Cooking's still a joy, but -- sob! -- there's little of it in the new 'Joy of Cooking'

November 16, 1997|By MICHAEL PAKENHAM

The American food world is agog or aghast over "The All New All Purpose Joy of Cooking," by Irma S. Rombauer, Marion Rombauer Becker and Ethan Becker. (Scribner. 1136 pages. $30) It has been made to succeed "Joy of Cooking," by Irma S. Rombauer and Marion Rombauer Becker (Bobbs-Merrill, 849 pages in 1962 edition).

First published in 1931, various editions have sold more than 14 million copies. The last new one, in 1975, was splendid, though I stick to the 1962 edition, which to me is the Classic.

The new book is the product of a $5 million investment, including the cost of contributions from some 150 professional cooks, nutritionists, consultants, marketeers and focus groups. There is little or nothing left from the original Irma Rombauer work, and precious little from her daughter's, or grandson's.

I cook a lot and have all my life, joyfully. I have bought, used and given away perhaps 300 cooking books and have kept about 40 permanently. I find that - although my most treasured tutelage has been from great Italian cooks - I use two books in regular practicality: the 1962 "Joy of Cooking" and "Larousse Gastronomique," the French culinary encyclopedia. I have just spent the better parts of four days with the new and old "Joy," comparing, reading, poking about, sizzling, trying out this and that, looking things up.

The previous editions were great and humble, entertaining and useful, written in clear and celebratory and loving language, with solid, time-tested recipes. The 1997 edition is entirely new. It speaks with not quite the elegance of a software installation package, and moves heavily toward fad-food recipes, multiculture entries from restaurants whose fans refer to them as "at the edge" and "darling." There is a word for it: Yuppychow.

Insipid prose

The prose of the previous editions was graced with charm, clarity, civility, evolving voices of spontaneity, rhythm. Text in the new edition has almost all the attributes of a government policy manual; to call its prose wooden would be to libel oak.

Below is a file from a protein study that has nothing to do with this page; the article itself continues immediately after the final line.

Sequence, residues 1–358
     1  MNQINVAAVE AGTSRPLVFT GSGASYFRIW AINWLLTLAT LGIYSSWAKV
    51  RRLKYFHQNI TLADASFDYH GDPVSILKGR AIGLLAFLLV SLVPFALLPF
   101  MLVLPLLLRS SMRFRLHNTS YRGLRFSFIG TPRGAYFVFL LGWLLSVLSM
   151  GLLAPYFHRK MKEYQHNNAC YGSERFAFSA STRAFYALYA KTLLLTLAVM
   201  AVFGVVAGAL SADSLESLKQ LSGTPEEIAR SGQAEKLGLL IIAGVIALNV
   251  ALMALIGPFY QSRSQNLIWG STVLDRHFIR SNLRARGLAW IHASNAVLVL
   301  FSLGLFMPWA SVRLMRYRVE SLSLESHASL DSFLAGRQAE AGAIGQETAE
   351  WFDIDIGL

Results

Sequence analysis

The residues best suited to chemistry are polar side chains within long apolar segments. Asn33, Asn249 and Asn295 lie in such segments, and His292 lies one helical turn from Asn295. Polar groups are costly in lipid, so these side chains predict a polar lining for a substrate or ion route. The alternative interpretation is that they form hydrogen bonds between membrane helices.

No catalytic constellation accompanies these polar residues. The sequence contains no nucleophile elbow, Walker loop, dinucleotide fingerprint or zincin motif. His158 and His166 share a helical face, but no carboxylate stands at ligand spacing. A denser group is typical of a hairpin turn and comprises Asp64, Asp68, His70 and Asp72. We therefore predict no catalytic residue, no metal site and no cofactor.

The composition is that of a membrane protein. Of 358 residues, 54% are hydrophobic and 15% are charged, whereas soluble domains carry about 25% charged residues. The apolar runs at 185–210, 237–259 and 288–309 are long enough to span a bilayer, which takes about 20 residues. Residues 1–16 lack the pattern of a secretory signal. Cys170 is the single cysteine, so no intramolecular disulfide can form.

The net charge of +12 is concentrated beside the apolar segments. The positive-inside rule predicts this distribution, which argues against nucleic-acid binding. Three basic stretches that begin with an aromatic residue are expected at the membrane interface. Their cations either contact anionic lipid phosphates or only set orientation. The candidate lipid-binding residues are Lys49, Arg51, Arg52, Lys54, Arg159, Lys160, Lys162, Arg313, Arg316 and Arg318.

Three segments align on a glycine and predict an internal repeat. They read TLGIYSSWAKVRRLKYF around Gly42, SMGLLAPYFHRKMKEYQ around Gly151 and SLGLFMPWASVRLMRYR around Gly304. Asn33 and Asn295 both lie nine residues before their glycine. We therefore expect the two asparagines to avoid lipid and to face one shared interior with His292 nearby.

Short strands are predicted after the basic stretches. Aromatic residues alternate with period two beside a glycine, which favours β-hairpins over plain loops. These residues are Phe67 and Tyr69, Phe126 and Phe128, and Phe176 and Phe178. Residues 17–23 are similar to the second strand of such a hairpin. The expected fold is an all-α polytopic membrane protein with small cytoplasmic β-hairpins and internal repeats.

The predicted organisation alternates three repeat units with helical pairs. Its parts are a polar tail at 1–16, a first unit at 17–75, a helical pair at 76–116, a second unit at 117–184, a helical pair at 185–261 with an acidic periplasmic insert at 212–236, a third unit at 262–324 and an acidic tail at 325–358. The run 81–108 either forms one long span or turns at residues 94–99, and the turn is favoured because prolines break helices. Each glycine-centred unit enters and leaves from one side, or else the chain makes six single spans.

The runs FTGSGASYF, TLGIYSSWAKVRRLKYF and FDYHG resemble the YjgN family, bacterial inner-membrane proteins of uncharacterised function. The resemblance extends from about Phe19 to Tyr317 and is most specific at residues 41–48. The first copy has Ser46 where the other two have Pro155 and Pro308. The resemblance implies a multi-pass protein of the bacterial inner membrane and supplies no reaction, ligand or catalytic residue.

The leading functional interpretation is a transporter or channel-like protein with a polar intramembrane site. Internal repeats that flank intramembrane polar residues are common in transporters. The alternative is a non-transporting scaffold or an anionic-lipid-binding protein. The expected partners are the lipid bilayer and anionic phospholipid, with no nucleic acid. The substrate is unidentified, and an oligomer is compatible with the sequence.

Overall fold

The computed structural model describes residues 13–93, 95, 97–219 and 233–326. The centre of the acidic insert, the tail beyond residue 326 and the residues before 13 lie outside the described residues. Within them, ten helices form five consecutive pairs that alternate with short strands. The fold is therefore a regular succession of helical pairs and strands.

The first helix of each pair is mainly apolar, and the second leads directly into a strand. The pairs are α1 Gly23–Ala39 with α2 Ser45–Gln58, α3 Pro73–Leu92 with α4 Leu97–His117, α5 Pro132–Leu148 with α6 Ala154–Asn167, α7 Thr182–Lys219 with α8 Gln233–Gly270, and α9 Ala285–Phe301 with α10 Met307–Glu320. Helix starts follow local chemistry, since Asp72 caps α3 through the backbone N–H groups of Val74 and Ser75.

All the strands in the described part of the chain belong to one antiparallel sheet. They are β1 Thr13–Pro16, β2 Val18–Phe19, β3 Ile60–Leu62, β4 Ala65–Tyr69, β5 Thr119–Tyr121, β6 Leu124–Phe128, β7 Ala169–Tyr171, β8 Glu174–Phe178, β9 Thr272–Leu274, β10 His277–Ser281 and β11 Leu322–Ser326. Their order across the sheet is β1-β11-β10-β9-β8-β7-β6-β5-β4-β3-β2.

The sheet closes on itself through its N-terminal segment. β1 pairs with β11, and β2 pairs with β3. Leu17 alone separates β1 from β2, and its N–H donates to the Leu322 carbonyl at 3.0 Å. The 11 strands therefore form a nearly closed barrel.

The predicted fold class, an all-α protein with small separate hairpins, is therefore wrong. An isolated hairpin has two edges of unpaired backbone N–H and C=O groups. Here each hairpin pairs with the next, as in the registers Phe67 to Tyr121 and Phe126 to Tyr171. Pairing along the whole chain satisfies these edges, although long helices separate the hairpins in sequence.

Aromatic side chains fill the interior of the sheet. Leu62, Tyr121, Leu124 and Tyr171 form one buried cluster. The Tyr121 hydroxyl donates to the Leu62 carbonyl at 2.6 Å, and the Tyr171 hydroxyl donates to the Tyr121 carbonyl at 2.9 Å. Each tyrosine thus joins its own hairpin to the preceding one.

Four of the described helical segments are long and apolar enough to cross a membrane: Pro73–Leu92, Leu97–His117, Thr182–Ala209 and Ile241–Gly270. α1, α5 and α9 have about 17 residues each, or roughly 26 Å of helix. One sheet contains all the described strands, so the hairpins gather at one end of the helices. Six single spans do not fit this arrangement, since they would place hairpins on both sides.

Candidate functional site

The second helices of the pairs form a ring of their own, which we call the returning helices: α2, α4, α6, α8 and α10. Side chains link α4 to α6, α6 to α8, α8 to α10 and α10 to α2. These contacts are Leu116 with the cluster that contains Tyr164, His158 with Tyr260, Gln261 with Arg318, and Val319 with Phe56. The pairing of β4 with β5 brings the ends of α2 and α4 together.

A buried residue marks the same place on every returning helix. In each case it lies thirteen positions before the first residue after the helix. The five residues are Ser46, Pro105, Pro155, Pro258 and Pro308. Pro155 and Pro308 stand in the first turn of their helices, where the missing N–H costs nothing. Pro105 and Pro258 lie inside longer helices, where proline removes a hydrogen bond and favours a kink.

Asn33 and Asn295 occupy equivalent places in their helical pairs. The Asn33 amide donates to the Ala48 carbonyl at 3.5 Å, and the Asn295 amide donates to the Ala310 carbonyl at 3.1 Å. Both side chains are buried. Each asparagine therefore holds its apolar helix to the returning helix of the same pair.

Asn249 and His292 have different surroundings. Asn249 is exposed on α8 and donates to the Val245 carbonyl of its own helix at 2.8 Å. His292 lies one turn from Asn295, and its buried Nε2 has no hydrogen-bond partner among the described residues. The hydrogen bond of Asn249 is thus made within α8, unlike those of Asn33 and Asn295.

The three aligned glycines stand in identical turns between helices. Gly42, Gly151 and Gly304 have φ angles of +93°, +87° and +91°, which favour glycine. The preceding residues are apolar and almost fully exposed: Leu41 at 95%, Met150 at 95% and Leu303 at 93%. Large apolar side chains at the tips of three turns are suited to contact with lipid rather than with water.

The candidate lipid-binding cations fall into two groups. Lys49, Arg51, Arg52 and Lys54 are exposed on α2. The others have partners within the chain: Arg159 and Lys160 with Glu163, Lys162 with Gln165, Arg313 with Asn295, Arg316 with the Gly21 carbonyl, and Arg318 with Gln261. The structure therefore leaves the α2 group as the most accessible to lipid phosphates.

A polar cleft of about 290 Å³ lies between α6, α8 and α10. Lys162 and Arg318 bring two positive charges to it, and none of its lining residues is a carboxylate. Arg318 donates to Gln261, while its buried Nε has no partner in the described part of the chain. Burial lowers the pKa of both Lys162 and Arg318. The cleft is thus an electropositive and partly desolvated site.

Witness the very first words on chicken in each book:

New: "Properly defined, the term poultry means a farm- raised, as opposed to wild, bird produced for meat or eggs. Thus all guinea fowl, quail, partridge and pheasant that have been bought rather than shot are poultry, for, by federal law, any bird offered for sale in the United States must be farm-raised."

Classic: "The chicken is a world citizen; duck and geese cosmopolites. Along with a number of the game birds which migrate from continent to continent, they are international favorites. And each nation has learned to cook them in a manner distinctively its own...."

I have read Internal Revenue Service advisories with more joy and more useful information than most of the New's entries.

What the New does have and the Classic did not draws a clear line. There are dozens, probably several hundred recipes for dishes not even mentioned in the earlier "Joys": Crudites, shrimp pad thai, much of it faddish, international potpourri stuff.

Witness: The New has seven full pages on tofu. It has seven pages as well on different peppers, with 28 illustrations. The Classic mentioned several of them, in appropriate places, but not in a separate shrine.

The heart of "Joy" was always (up to now) in its bold, precise and richly useful introductions to foods and cooking methods.

Here, for example, on page 381, is the Classic's opening words on meat: "When the novice approaches the meat counter, she may also approach a state of panic. The friendly informative butcher of a generation ago has often been succeeded by an automaton, mysteriously cutting, grinding and packaging behind a glass partition. ..."

Here is New, on page 637, same subject: "According to the United States Department of Agriculture, the term meat refers to the muscle of cattle, pigs, sheep, and goats. Of these, beef and pork have long prevailed in North America and their popularity has risen steadily since the first settlers brought over a few pigs and cows...."

A hundred other side-by-side entries yield identical contrasts.

Piccalilli's still there, thank goodness, and the recipes are almost identical except for the translation from homey American items ("4 medium-sized green peppers" - Page 783/Classic) into weights and measures, ("1 1/3 pounds green bell peppers" - Page 64/New).

Spurning the natural

The Classic has very practical instructions and recipes for hTC preparing and cooking squirrel, opossum, bear, raccoon, muskrat, woodchuck and beaver - and the New spurns them all. Small loss, you may argue, as you think of the tearful joy of anti-blood-sport terrorists speeding to $50-a-head Soho tofu dens in their Mercedes autos.

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